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Let's meet 'Desperate Househusbands'
by Steve Brewer
Scripps Howard News Service


March 05, 2005

Suburban life has never seemed so mysterious as it does on the surprise hit of the TV season, the dark comedy "Desperate Househusbands."

Hysteria Lane appears to be an idyllic suburban street where the lawns are manicured and the vinyl siding never needs painting. But dark secrets exist behind the facades of those ranch-style homes.

On Hysteria Lane, the women work and the men stay home, diddling with computers and tending the children and ignoring the housework. It's a traditional family structure turned on its head, and the consequences can be extreme - social stigma, tax audits, bad debt, even murder.

Let's meet the "Desperate Househusbands:"

Leonard Downsizer had a high-paying corporate position until his job was shipped off to India. Then he and his wife decided that she'd work and he'd stay home with their four small children. Leonard questions this decision on an hourly basis, particularly when the little hellions set his minivan on fire or run the neighbor's hamster through the blender.

Leonard never knew it would be so difficult to "manage" the children. He regularly thinks about going back to an office to escape the kids, but the family dog keeps eating his resume, then woofing it up on the carpet.

To deal with the everyday stress, Leonard has developed a bad habit: All-day cocktails, milky concoctions of rum and Mylanta that he calls Housework ("Just doin' the Housework, dear. Hic."). Will Leonard admit his problem when his friends mount an "intervention?"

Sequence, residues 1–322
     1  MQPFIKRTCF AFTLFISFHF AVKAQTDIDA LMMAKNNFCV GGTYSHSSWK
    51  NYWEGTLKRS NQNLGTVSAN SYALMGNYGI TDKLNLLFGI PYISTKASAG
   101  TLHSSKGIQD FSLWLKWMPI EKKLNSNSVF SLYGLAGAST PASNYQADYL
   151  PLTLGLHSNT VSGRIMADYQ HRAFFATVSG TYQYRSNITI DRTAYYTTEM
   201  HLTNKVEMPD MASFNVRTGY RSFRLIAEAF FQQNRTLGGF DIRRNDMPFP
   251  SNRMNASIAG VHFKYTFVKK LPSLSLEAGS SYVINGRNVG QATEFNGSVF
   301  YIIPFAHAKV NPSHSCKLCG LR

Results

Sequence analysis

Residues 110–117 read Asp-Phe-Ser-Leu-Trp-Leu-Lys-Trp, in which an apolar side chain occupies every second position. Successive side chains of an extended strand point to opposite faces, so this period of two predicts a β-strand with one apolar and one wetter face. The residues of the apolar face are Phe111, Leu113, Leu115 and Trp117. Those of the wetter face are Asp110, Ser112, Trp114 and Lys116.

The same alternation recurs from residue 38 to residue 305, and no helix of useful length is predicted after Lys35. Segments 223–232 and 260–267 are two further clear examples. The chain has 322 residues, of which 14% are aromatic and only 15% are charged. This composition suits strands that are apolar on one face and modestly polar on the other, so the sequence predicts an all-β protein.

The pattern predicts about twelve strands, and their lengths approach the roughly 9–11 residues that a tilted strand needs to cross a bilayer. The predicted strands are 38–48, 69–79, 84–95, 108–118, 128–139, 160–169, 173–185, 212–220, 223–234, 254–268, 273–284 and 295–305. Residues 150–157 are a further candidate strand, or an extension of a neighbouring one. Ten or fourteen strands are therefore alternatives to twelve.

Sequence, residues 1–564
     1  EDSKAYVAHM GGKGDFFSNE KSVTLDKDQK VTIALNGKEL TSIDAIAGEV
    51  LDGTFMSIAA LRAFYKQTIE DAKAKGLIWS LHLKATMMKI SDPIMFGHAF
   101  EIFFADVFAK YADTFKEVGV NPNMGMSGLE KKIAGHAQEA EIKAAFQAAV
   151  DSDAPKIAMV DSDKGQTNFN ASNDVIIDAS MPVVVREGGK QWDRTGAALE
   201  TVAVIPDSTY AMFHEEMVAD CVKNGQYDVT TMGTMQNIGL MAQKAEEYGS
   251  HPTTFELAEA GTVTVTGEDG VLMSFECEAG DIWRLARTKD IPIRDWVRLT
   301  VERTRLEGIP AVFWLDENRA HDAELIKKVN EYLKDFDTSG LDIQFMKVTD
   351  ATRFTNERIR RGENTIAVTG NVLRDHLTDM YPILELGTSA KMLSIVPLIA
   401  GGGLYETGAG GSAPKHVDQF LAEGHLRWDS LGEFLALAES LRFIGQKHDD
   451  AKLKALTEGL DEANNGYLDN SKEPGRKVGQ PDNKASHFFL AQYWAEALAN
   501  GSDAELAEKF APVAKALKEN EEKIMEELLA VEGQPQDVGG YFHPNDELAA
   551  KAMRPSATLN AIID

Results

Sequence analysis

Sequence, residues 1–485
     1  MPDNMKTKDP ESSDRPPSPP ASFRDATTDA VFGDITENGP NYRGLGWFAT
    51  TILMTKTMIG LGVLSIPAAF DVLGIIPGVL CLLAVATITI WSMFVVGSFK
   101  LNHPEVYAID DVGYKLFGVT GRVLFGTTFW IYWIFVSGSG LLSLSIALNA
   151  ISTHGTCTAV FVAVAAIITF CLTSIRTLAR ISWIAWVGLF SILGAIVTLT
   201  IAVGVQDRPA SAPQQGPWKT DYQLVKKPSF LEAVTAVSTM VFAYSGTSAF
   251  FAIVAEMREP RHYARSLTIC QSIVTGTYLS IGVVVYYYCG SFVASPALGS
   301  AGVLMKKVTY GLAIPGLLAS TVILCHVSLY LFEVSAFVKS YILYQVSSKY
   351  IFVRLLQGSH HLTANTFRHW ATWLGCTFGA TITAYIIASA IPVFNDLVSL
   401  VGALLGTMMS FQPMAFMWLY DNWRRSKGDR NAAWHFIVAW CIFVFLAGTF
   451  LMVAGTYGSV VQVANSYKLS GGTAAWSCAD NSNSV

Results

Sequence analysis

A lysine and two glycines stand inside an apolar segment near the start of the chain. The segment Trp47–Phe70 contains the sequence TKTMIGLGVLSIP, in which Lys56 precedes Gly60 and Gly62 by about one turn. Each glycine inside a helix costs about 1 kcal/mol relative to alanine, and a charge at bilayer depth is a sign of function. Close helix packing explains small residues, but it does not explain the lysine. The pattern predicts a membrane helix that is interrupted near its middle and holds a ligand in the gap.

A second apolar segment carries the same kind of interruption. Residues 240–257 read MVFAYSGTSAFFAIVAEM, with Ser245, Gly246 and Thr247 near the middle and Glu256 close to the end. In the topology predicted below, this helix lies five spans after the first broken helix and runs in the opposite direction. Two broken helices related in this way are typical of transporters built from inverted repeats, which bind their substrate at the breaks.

Edam Limburger, a perky redhead of a man, keeps a perfect house and raises seemingly perfect children. But something stinks in the Limburger household. Edam's wife, Gouda, is having an affair with her boss, and Edam has found out. Now he'll do everything he can to torture poor Gouda.

The Limburgers' eldest son, Jack, has moved back home from Monterey, and he's troubled by the marital discord. He thinks the only solution is to slice all the neighbors into wedges. Edam, meanwhile, is spreading himself too thin: He's captivated by two sisters who live with their redneck daddy in a nearby trailer park. Will Edam let these crackers ruin his life?

Divorced and alone, Larry Loosebottom lives on Hysteria Lane only until the mortgage company catches him answering the door. He spends all day every day in his bathrobe, unwashed and unshaven, browsing his computer rather than doing the work that's piled up next to all the unpaid bills.

Larry once had a wife, a family, a position of responsibility in the community, but he lost it all because of his dark secret - an addiction to eBay.

Stuart Schniffle, the neighborhood snoop, wastes much of every day peering out his windows. Alone at home all day, Stuart is desperate for contact with the outside world. Every noise, every passing wisp of gossip, drags him away from his work.

Disgusted by his nosiness, the neighbors shun Stuart. His own family has begun to avoid him because he never has anything interesting to say. But Stuart's snooping has finally paid off. He's found out a dark secret: The women of Hysteria Lane are planning an uprising.

When they first agreed to the husbands working at home, the wives felt daring and bold and proud of their men. But now that they've seen what a cheesy mess their husbands are making, they're ready to turn the tables. They'll trade in their bosses and deadlines for the isolation, tedium and child endangerment that comes with working at home.

If they hate being at home, they can always get together in the afternoons with their fellow housewives. To commiserate. Over a pitcher of Housework.


Redding, Calif., author Steve Brewer's latest book is called "Boost."
Contact him at ABQBrewer(at)

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